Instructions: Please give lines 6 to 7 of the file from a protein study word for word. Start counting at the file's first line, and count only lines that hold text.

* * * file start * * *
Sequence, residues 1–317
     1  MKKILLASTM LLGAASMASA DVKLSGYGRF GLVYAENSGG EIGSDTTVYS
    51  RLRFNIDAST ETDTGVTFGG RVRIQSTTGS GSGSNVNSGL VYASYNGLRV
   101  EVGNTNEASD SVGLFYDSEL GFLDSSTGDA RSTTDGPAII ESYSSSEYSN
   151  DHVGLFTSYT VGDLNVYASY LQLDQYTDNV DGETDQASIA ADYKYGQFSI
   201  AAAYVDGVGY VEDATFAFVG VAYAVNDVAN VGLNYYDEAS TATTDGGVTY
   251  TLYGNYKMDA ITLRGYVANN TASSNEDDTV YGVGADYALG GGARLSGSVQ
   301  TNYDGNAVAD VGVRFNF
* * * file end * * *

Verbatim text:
   201  AAAYVDGVGY VEDATFAFVG VAYAVNDVAN VGLNYYDEAS TATTDGGVTY
   251  TLYGNYKMDA ITLRGYVANN TASSNEDDTV YGVGADYALG GGARLSGSVQ